< Back

Roles in the Corps: AAVs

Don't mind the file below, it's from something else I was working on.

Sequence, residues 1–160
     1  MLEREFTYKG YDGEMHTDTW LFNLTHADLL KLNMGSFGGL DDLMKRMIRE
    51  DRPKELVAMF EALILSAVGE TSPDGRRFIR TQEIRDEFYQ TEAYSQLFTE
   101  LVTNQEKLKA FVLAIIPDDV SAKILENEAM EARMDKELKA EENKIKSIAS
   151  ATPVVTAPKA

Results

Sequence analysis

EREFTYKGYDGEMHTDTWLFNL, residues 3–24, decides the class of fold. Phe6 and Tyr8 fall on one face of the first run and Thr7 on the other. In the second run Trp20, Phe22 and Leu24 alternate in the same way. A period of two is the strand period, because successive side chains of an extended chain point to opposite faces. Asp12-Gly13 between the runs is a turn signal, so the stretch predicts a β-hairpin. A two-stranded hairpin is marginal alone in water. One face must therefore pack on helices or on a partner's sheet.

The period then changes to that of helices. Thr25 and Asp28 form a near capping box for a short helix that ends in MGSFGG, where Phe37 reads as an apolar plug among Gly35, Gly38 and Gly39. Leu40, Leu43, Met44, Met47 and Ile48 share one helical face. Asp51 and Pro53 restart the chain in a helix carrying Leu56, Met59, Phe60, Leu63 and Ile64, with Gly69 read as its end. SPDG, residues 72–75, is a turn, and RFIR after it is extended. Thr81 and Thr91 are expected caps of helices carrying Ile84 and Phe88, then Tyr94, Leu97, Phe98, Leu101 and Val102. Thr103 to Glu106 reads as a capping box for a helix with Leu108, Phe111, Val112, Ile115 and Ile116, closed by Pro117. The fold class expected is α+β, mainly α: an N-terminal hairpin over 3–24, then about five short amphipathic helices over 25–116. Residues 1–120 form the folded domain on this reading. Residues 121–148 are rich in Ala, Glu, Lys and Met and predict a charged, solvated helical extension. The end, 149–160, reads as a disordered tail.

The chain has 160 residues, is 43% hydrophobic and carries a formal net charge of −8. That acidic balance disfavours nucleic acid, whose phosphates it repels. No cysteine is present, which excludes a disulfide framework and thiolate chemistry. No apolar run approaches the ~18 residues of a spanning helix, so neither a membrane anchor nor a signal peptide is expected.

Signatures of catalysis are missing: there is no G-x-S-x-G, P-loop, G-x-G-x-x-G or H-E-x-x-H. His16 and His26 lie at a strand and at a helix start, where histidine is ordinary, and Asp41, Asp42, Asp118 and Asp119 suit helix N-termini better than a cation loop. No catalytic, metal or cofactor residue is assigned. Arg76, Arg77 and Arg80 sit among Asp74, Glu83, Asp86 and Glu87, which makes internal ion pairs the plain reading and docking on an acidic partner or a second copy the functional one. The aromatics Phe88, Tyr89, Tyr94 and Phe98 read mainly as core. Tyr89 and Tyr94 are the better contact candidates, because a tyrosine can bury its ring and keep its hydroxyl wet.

Sallee: My name is Ron Sallee, Sergeant, USMC, Crew Chief, Amphibious Assault Vehicle. We get the infantry to the fight, we take them where they need to go, we get them as close as possible and provide them cover fire while they assault the objective. You sit in the back and make sure the vehicle is not acting up. If something goes wrong, you can go to the turret and let that crew chief know. After that, you move up to a driver. You basically use your skills to find _____ when needed, put yourself in the best position for that crew chief to put fires on target. The responsibilities of a crew chief is letting your vehicle driver know where to go and what to do and make those tactical decisions on when to take rounds down range. Driving the AAV is outstanding. You learn how to drive through any terrain from ship to shore in the ocean while the waves are splashing your face. It's a thrill. Day to day, while we're on the field, we'll come down and prep the vehicles, do a pre-ops PMCS which is _____ maintenance checks and services and make sure the vehicle is 100 percent at all times ready to go. We'll do what we call weapons drills and that is just practice putting weapons in the turret as fast as possible, as precise as possible. We'll practice water operations every day. The readiness of the Marine Corps has been instilled since day one. If officer in command said right now we've got to go, it would take five minutes for us to get down there and load the vehicles up and get our gear on, get comm checks, be in our stations ready to splash with the infantry loaded up and we're ready. The readiness in Iraq was very important because we were in a new assault vehicle platoon, but we were tasked out to be infantry as well. We'd load our own personal guys in the back of our vehicles, take them to an objective and clear that objective of was needed. I was on a mission one time where I was doing a normal patrol, when we had a couple of Iraqis wave us down saying that they were receiving gunfire from insurgents, so we had to break away from our patrol and go provide them security and search for those insurgents and try to help those people out. It makes me feel good helping people. You know, they need us and it lets us know that we're needed for them, not just to be there in a fight, but to help people out when they need it. Being a Marine, it's like being one of the knights at the roundtable. You're the most elite fighting force in the world. You know, first to fight, like they say. Always ready, always faithful. It's pride.